How is voice produced?

How is voice produced?

July 15, 2011 by admin

How is voice produced?

This is a question that often comes up when a patient visits a laryngologist for a voice concern.

The production of voice is complex, relying on many different nerves and organ systems to coordinate with one another.

The production of voice, or sound, involves three major areas

  • The lungs to power voice production
  • The vocal folds to vibrate, producing sound
  • The throat, tongue, mouth, teeth, and cheeks to make the sound into words.

First, through inhalation the lungs draw in air. The diaphragm muscle, located at the bottom of the chest stretches to allow for maximal inhalation. Once the lungs are filled with enough air, muscles work to expel the air from the lungs, through the trachea, and through the vocal folds.

The brain sends signals through the recurrent laryngeal nerve, to the vocal folds. This signal instructs the vocal folds to move towards the mildline. As the air passes through the vocal folds, they are drawn together and vibrate against one another. This vibration produces sound.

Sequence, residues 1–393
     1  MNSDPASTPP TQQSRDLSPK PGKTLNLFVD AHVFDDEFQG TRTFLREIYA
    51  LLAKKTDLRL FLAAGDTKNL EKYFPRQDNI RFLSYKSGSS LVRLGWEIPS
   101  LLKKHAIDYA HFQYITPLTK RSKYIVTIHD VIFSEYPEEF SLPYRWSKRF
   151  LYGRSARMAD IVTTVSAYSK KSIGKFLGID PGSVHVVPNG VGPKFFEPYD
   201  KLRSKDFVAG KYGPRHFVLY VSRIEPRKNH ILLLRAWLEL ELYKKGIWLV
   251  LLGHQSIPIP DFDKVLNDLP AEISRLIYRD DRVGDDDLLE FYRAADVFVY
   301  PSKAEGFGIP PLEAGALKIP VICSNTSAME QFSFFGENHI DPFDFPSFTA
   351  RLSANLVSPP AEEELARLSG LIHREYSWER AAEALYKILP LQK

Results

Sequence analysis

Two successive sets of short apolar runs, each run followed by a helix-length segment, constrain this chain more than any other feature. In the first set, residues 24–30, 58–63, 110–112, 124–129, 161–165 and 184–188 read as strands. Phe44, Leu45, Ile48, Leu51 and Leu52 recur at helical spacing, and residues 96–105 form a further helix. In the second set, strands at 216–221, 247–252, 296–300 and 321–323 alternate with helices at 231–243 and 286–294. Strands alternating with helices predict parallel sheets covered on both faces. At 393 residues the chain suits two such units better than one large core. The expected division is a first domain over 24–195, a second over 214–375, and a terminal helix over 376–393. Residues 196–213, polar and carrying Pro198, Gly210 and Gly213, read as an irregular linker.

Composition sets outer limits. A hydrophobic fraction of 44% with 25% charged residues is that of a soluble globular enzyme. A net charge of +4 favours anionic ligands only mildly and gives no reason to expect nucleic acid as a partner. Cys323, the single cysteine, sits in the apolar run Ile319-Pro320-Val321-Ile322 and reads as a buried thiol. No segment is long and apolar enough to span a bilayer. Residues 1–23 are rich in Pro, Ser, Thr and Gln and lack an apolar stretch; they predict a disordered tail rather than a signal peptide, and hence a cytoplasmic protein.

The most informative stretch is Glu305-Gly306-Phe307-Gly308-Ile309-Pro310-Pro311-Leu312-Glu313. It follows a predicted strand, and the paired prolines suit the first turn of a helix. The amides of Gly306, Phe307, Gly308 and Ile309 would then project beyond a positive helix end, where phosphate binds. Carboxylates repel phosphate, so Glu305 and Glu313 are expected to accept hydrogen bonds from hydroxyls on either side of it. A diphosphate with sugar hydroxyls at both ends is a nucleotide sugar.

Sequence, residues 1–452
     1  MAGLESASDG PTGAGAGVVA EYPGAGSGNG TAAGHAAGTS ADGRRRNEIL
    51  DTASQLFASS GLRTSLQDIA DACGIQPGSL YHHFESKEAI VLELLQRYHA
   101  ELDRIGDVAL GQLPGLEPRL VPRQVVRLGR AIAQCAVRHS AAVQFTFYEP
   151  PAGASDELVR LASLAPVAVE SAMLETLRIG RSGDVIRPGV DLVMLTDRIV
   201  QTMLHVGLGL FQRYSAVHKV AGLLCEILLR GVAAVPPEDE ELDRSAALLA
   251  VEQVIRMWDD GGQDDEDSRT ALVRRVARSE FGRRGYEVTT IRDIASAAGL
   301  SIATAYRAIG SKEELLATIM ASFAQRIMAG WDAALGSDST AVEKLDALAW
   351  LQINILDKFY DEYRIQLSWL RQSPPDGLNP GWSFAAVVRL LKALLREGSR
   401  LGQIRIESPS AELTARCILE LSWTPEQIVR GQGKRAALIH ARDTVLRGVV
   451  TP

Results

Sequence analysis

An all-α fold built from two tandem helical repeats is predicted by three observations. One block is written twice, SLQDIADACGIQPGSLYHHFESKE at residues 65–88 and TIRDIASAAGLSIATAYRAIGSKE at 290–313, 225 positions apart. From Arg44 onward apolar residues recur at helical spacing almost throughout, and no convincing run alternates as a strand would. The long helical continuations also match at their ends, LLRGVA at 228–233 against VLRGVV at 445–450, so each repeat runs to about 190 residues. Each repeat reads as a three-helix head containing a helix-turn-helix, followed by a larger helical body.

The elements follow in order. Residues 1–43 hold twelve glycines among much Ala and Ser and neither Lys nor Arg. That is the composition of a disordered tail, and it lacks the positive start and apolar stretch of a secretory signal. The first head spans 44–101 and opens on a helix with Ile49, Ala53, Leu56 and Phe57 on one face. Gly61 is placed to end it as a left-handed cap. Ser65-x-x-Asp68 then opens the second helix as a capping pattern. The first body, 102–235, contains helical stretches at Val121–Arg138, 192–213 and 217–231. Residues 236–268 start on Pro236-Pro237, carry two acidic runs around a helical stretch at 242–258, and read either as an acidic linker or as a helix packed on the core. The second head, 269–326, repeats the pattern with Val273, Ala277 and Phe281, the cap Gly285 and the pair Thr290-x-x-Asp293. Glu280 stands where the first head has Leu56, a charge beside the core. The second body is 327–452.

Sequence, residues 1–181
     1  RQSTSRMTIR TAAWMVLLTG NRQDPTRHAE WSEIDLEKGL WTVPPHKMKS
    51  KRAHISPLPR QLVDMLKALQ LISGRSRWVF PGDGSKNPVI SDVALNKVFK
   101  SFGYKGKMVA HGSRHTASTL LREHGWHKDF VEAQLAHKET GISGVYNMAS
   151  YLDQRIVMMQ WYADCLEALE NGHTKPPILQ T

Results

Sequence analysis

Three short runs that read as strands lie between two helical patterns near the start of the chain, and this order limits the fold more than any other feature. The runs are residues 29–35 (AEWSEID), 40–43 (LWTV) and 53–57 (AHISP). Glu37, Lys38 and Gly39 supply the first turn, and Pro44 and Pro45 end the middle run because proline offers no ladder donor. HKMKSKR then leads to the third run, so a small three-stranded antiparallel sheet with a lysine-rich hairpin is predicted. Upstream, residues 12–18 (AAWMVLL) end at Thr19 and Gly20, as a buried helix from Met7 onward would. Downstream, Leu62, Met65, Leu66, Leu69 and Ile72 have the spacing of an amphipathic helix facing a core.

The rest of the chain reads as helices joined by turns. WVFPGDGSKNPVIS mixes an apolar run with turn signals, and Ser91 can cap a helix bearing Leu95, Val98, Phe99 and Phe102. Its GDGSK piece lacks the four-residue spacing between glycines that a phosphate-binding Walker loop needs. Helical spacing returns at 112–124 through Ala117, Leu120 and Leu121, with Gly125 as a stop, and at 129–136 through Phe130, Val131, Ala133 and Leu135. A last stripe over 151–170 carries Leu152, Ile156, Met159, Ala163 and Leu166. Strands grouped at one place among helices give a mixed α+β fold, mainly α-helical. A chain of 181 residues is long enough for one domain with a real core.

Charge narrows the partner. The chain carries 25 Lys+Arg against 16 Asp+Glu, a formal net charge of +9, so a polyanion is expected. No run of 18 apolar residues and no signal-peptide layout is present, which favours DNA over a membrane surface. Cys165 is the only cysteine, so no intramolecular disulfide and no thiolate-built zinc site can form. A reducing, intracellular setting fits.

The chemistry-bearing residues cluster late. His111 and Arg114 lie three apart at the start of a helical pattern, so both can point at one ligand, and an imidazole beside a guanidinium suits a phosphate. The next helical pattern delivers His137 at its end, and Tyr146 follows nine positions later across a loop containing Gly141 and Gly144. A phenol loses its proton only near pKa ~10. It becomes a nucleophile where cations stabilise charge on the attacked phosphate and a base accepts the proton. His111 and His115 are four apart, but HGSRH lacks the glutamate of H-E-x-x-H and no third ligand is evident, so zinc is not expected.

One can feel this vibration taking place while holding a sound, such as the letter “e” for a prolonged period of time. The vibrations from the letter E can be felt through the voice box to the skin.

The sound produced by the vocal folds is advanced towards the throat and mouth, where the muscles of the throat, tongue, cheeks as well as the teeth and lips form the sound into words that people understand.

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Throatdisorder.com is an online resource for patients and physicians to learn more about common voice, swallowing, breathing and throat disorders. Throat complaints, from cough to cancer, are a common reason for patients to seek medical treatment. This website developed as a result of Dr. Sunil Verma's passions: that of education, patient care, and interest in technology.

NOTE : The information presented on this site is for educational purposes only, and is not intended to replace consultation with a qualified physician. It may not be appropriate to your individual case, and should not be used in making treatment decisions, especially with regard to medication. Considerable effort is made to ensure that the information on this site is accurate, but medicine is a changing field, and this website is not responsible for errors or omissions. Use of this website acknowledges the above.

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